Cyanobacteria, once called blue-green alga, are prokaryotes which utilize photosynthesis as their main energy source. The photosynthetic apparatus found in cyanobacteria resembles closely to that found in higher plants. Widger’s lab has used Synechococcus PCC 7002 as a model organism to investigate the proteins involved in photosynthesis. PCC 7002 is a unicellular, naturally transformable species which can be manipulated by the use of molecular biological techniques to investigate the membrane associated multi-protein complexes found supporting and catalyzing light-energy transduction. The lab’s interest is in the structure/function studies of proteins involved in photosynthetic energy transduction. Light regulates gene expression in cyanobacteria and up regulates a set of specific transcripts in the dark. The mechanism of transcription regulation by light and transcript stability is also a research priority.

The physical genome map of PCC 7002 has been assembled from Not I, Sal I and Sfi I restriction fragments separated using pulsed-field gel electrophoresis. The genome size was shown to be 2.7 Mbp. A more detailed genome map is being created from overlapping cosmid clones using restriction fingerprinting and computer assisted contig assembly. This map is useful in the systematic identification of genes and eventual sequencing of the entire genome. This data will be used to monitor genome wide changes in transcription/translation in response to changes in carbon dioxide sequestration.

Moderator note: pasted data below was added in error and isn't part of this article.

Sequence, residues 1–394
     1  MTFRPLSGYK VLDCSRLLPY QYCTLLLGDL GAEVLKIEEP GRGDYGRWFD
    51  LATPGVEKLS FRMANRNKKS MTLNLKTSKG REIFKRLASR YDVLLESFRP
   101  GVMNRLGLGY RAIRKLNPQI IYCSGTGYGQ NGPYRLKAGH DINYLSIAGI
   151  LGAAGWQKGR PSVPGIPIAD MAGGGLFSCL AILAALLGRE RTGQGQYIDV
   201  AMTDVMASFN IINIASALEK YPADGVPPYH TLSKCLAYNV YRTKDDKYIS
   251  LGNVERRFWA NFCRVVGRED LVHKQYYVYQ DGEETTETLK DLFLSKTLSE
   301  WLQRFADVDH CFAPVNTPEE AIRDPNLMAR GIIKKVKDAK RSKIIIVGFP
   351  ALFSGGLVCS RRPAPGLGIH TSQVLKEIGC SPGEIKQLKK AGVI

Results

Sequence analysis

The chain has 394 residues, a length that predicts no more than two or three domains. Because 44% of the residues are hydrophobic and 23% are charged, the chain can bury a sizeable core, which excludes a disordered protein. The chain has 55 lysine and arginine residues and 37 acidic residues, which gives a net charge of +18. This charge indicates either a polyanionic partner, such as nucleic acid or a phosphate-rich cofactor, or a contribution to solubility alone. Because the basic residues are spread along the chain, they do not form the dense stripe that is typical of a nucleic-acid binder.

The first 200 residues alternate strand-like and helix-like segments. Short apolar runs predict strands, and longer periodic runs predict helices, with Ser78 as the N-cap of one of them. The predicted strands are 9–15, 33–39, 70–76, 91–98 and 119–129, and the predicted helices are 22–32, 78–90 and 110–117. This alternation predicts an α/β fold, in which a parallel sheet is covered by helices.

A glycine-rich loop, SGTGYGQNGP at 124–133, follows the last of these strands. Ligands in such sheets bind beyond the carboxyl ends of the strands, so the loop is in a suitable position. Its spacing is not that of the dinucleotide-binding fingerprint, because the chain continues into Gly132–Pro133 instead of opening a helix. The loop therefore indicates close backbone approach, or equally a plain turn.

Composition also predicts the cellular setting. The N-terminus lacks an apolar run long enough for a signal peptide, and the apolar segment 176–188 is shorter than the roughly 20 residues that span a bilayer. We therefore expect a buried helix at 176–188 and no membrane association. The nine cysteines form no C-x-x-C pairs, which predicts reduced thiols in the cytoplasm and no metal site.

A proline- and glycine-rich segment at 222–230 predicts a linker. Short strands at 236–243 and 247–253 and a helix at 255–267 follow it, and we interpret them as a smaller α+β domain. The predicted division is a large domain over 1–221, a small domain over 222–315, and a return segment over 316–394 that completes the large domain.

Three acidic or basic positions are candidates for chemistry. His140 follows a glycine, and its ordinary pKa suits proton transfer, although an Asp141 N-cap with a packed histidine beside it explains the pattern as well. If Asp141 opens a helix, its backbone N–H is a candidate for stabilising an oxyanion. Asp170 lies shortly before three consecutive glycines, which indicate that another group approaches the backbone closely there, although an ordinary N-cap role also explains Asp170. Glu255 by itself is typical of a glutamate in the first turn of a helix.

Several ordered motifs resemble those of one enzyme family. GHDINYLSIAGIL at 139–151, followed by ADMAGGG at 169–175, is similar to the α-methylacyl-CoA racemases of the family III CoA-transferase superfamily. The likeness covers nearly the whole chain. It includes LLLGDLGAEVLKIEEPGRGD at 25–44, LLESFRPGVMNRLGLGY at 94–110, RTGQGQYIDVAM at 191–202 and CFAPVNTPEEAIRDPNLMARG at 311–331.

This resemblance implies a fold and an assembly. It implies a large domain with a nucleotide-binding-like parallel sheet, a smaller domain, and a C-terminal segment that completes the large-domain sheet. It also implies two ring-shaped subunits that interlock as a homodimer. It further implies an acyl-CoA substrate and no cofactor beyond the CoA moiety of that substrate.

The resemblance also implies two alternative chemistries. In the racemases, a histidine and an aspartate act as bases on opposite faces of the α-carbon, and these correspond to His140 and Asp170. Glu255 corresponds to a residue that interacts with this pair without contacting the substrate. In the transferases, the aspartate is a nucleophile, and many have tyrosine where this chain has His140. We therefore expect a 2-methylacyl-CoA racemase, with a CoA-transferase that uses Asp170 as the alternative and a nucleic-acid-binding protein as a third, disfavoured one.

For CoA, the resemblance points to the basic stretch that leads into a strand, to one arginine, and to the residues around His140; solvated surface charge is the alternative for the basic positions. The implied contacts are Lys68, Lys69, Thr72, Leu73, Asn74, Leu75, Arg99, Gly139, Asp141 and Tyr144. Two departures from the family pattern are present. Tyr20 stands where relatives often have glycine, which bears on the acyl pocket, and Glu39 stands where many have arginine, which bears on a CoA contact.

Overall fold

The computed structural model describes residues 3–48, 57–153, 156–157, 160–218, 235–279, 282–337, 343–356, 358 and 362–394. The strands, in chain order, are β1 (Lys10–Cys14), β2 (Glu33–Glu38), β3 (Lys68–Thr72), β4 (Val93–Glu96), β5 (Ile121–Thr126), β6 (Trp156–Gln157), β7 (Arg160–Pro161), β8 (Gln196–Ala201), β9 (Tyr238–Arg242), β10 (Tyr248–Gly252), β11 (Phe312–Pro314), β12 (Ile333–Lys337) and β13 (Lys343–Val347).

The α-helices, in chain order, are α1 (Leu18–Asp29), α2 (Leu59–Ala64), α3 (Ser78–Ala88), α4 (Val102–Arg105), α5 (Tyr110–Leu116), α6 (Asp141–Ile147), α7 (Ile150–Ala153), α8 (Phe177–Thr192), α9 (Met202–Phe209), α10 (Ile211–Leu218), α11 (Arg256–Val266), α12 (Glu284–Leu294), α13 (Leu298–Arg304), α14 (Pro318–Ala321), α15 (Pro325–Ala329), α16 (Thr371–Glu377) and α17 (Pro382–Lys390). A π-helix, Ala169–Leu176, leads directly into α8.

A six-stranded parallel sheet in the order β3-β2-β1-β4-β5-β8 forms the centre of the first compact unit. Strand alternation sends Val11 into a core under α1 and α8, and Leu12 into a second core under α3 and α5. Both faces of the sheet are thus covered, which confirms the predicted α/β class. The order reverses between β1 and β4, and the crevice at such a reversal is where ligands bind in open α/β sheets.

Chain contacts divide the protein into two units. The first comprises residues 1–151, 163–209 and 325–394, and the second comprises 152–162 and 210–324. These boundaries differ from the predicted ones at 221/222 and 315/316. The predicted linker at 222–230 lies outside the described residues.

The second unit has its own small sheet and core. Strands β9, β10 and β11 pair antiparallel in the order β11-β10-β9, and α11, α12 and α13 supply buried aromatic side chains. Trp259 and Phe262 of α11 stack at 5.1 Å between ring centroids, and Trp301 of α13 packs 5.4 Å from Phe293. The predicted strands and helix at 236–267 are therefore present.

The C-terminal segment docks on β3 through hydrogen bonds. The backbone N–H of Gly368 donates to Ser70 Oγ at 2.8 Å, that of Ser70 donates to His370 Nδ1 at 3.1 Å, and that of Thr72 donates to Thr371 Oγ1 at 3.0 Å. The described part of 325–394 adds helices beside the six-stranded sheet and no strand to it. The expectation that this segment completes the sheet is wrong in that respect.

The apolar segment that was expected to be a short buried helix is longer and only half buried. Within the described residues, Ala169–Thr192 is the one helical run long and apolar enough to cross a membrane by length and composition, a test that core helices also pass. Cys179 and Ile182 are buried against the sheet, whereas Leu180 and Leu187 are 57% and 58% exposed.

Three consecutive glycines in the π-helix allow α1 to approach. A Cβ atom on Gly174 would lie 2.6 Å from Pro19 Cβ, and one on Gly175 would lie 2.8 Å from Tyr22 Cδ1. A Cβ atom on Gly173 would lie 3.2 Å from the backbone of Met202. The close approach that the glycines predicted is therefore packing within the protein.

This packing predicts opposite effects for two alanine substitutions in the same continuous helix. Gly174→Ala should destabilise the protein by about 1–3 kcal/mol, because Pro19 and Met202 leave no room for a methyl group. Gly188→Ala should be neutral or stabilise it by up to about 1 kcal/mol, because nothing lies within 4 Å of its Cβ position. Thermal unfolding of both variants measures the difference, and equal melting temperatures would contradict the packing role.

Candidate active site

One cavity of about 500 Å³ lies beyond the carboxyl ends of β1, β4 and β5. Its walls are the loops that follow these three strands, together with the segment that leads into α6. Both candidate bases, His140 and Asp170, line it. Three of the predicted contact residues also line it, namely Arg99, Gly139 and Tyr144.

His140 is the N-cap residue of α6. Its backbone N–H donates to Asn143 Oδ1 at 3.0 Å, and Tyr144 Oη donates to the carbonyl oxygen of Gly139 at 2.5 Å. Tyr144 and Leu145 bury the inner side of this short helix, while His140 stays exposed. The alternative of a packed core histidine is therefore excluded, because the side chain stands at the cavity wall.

• Brogan AP, Widger WR, Bensadek D, Riba-Garcia I, Gaskell SJ, Kohn H. (2005). Development of a technique to determine bicyclomycin-rho binding and stoichiometry by isothermal titration calorimetry and mass spectrometry. Journal of the American Chemical Society, 127(8):2741-51.
  • Brogan AP, Verghese J, Widger WR, Kohn H. (2005). Bismuth-dithiol inhibition of the Escherichia coli rho transcription termination factor. Journal of Inorganic Biochemistry, 99(3):841-51.
  • Ohnishi T, Johnson JE Jr, Yano T, Lobrutto R, Widger WR. (2005). Thermodynamic and EPR studies of slowly relaxing ubisemiquinone species in the isolated bovine heart complex I. FEBS Letters, 579(2):500-6.
  • Weber TP, Widger WR, Kohn H. (2003). Metal-1,4-dithio-2,3-dihydroxybutane chelates: novel inhibitors of the Rho transcription termination factor. Biochemistry, 42(30):9121-6.
  • Brogan AP, Widger WR, Kohn H. (2003). Bicyclomycin fluorescent probes: synthesis and biochemical, biophysical, and biological properties. Journal of Organic Chemistry, 68(14): 5575-87.
  • Weber TP, Widger WR, Kohn H. (2003). Metal dependency for transcription factor rho activation. Biochemistry, 42(6):1652-9.
  • Xu Y, Johnson J, Kohn H, Widger WR. (2003). ATP binding to Rho transcription termination factor. Mutant F355W ATP-induced fluorescence quenching reveals dynamic ATP binding. Journal of Biological Chemistry, 278(16):13719-27.